When you think about marketing your brand, are you watching what your competitors are up to and then making decisions based on what they may or may not be doing? While it’s very healthy to keep an eye on the competition, copying their every move because you’re worried about getting outmaneuvered is what we call “fear-based marketing.” Consider this a friendly reminder to stay calm, breathe deep, and rationally evaluate all your marketing opportunities before jumping in.
A Case of the Frights
“Whoa,” says a client, “check out what XYZ Widgets is doing on Instagram. I didn’t know we could advertise there! They have 50 more followers than we do. We should probably advertise there too.”
Slow your roll, client, slow your roll. Just because a competitor is trying out a marketing channel doesn’t mean you should be too. A lot of questions need to be answered first.
1. Are your customers using Instagram? How regularly? How many potential customers can you reach there?
2. Does what your business sells match up with the highly visual nature of Instagram? If you sell athletic gear or run a tattoo shop, it’s easy. If you are a chiropractor or accountant, your job is going to be quite a bit harder.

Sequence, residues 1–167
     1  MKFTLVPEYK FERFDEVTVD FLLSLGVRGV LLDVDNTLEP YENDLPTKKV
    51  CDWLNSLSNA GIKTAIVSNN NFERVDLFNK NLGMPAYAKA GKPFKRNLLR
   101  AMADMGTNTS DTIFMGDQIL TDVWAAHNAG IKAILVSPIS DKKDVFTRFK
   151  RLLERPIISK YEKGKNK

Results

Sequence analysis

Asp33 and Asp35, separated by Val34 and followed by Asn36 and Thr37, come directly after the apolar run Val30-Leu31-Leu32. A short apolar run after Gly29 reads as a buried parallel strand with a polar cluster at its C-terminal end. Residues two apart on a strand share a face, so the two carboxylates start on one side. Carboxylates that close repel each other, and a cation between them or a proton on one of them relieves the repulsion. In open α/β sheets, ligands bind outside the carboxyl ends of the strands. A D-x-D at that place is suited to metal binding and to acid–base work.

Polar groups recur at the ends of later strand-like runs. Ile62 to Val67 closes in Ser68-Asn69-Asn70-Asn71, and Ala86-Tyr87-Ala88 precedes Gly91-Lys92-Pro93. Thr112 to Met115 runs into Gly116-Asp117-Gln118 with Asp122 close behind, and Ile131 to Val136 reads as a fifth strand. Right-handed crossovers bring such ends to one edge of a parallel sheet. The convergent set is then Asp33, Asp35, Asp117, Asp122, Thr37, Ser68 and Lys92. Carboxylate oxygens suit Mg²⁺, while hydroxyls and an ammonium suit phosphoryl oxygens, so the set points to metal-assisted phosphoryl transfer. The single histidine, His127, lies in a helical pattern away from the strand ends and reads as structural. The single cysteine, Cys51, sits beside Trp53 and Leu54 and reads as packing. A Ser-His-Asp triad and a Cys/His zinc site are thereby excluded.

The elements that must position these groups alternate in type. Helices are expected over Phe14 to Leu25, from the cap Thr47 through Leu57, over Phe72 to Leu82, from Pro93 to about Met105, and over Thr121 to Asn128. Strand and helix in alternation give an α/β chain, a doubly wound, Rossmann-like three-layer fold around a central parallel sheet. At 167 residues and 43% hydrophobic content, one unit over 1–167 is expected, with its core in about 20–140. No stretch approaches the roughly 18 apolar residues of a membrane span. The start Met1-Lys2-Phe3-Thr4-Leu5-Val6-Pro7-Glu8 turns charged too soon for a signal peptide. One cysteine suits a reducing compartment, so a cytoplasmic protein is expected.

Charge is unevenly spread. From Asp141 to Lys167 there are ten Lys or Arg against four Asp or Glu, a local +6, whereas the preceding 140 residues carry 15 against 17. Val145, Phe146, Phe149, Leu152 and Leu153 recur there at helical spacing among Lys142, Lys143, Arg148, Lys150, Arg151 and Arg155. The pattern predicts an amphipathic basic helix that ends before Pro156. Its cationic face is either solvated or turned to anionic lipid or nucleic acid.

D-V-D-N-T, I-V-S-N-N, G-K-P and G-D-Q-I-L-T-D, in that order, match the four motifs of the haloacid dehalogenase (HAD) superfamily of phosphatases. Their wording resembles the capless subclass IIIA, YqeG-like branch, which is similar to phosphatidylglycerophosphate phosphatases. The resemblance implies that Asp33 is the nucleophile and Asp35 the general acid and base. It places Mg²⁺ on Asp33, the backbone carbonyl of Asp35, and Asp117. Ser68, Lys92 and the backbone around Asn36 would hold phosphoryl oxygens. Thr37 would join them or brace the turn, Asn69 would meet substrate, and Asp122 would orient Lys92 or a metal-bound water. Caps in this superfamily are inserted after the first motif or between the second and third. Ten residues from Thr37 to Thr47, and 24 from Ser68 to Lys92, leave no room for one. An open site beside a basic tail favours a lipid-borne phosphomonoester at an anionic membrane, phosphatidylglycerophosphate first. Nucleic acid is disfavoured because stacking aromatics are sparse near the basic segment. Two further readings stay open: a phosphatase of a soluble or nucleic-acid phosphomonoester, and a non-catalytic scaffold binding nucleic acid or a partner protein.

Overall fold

3. Does Instagram meet the goals of what you are trying to do? Can Instagram show examples of successful advertising in your niche or business sector?
The takeaway: look before you leap, ask smart questions, and then decide if an advertising opportunity makes sense for you specifically. In a lot of cases, your competitor may be advertising out of fear themselves, or may just be testing the waters on a new platform that could fizzle out.
Replace the Fear with Facts
Here’s a nice cheat sheet you can use when considering any type of advertising spend.
1. Do my customers pay attention to this medium? (If the sales rep of that medium is any good, they will be able to show you metrics.)
2. Are my potential customers likely to act if they see me in this medium? (If your answer is “maybe” or “I’m not sure” then it’s not time to jump, it’s time to do more homework.)
3. Does this medium fit into my overall marketing strategy? (Think about your long term goals here and also look at your other marketing spend to see if it makes sense to carve out some existing budget.)
4. Does this medium really make sense for what I am selling? (Does a brain surgeon really need an Instagram account? Does a business consulting firm that specializes in an obscure niche need a billboard?)
5. Are there other options that are more targeted to my niche that make more sense? (Remember, targeting is the name of the game these days. It’s about marketing directly to the people who need you in places they would likely look.)
If you can’t answer all of these with a fairly high level of confidence, then save yourself some time, money and heartache and pull back. Sometimes no decision is the right decision, especially when you are making decisions out of fear.